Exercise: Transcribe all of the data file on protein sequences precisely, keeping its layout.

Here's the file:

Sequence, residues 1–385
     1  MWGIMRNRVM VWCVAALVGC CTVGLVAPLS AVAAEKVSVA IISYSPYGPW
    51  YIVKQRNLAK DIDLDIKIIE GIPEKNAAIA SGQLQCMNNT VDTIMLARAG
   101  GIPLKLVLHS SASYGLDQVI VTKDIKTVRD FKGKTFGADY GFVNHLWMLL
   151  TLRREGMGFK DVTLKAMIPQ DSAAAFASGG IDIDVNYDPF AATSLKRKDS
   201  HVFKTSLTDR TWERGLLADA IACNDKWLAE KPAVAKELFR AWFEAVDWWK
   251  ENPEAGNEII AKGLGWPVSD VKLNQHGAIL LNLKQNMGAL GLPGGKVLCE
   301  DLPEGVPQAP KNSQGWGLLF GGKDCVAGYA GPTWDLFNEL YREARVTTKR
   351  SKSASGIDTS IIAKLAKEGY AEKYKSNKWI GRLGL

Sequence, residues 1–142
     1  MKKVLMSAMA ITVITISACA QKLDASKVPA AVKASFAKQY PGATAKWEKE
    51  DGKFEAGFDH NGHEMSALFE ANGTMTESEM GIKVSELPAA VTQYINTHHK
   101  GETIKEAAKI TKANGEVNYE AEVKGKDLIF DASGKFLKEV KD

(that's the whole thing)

Sequence, residues 1–385
     1  MWGIMRNRVM VWCVAALVGC CTVGLVAPLS AVAAEKVSVA IISYSPYGPW
    51  YIVKQRNLAK DIDLDIKIIE GIPEKNAAIA SGQLQCMNNT VDTIMLARAG
   101  GIPLKLVLHS SASYGLDQVI VTKDIKTVRD FKGKTFGADY GFVNHLWMLL
   151  TLRREGMGFK DVTLKAMIPQ DSAAAFASGG IDIDVNYDPF AATSLKRKDS
   201  HVFKTSLTDR TWERGLLADA IACNDKWLAE KPAVAKELFR AWFEAVDWWK
   251  ENPEAGNEII AKGLGWPVSD VKLNQHGAIL LNLKQNMGAL GLPGGKVLCE
   301  DLPEGVPQAP KNSQGWGLLF GGKDCVAGYA GPTWDLFNEL YREARVTTKR
   351  SKSASGIDTS IIAKLAKEGY AEKYKSNKWI GRLGL

Sequence, residues 1–142
     1  MKKVLMSAMA ITVITISACA QKLDASKVPA AVKASFAKQY PGATAKWEKE
    51  DGKFEAGFDH NGHEMSALFE ANGTMTESEM GIKVSELPAA VTQYINTHHK
   101  GETIKEAAKI TKANGEVNYE AEVKGKDLIF DASGKFLKEV KD